Rosebud loves her food and loves her routines so when it comes to the bottle, she’s been very attached to it. When Rosebud was born, we started having feeding troubles right off the bat so I had to introduce formula in the first few days of her life. She preferred the bottles since she would get more milk at a faster rate. This obviously made nursing a struggle and I pushed through for several months before we finally found a rhythm. Rosebud would get bottles when I was working and nursing when I was at home. Maybe I will do another post later specifically about the feeding problems and how we got past them.
I wanted to stop nursing when she turned a year old because by then I was tired of it, but Rosebud had other plans. I slowly started to cut out feedings and eventually it had stopped by 18 months. One of the ways I cut out feedings was by replacing them with bottles of milk which Rosebud liked. She got very attached to the bottles again and it simply became a substitute for nursing. This is why she was still having two bottles a day even after she turned two.
I started reducing the amount of milk in the bottles which she was totally fine with. I tried putting milk in different cups, but she would never drink it. She has been drinking water from a cup since she was six months old and more recently I’ve given her juice in a cup, but she’ll take one sip of milk and put it back on the counter telling me she doesn’t like it. I’ve tried role modeling by drinking milk with my meals, sharing my milk with her etc. I tried not allowing her to have bottles at all and only offering cups of milk, but she refuses and will go days without milk. I’ve started introducing foods with more calcium because I was worried about her not drinking her milk.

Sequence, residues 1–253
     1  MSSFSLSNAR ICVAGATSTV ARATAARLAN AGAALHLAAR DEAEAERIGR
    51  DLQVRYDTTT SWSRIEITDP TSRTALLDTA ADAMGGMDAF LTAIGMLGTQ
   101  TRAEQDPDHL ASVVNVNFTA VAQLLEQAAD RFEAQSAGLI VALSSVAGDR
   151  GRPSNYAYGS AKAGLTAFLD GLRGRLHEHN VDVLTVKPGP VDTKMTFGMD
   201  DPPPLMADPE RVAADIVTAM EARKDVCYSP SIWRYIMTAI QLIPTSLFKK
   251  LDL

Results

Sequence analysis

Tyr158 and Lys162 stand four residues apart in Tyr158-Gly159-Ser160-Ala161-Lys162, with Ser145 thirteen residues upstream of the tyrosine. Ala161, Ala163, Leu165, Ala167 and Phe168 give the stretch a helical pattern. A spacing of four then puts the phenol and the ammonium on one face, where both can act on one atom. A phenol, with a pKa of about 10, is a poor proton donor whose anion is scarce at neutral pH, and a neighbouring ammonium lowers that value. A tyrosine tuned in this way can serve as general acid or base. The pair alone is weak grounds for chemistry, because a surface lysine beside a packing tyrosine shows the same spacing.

Last week, I told her that we were all done with bottles because she is a big girl and big girls drink milk out of a cup. This makes her sad and occasionally she will ask for a bottle. She was tearful when asking for one this morning, but I reminded her that she’s a big girl and doesn’t need a bottle anymore. I told her it was okay to miss her bottles, but that we could snuggle while she drinks her milk from a cup the same way we would snuggle when she drinks bottles. That seemed to help.
This past weekend I caved and bought some chocolate and strawberry sirup to flavor her milk. My mom had suggested this, but I didn’t want to do this because I thought if she wouldn’t drink plain milk, then I didn’t want her to start getting sugary replacements. I did some searching online and this strategy has seemed to work for many parents so I’m giving it a try. So far, it has worked. She has been drinking her milk and seems to like both flavors. My plan is to decrease the amount of sirup little by little until she is back to drinking plain milk again. Distraction has worked as well. If she’s busy playing, she is less likely to think of asking for a bottle.
Since we have gone a week without them, I packed them away in a box. The next thing to go is the pacifier, but I don’t want to take all her comforts away at once. My baby girl is growing up and it’s happening way too fast! It seems like yesterday when I brought her home and now she’s talking in full sentences, climbing up the huge slides on the playground and we are the beginning stages of potty training. She has a mind of her own and she knows what she is ready to do. I encourage her to take the next steps, but I also remember to let her go at her own pace. Sometimes that has meant taking a step back and trying again later. It is a learning process for both of us.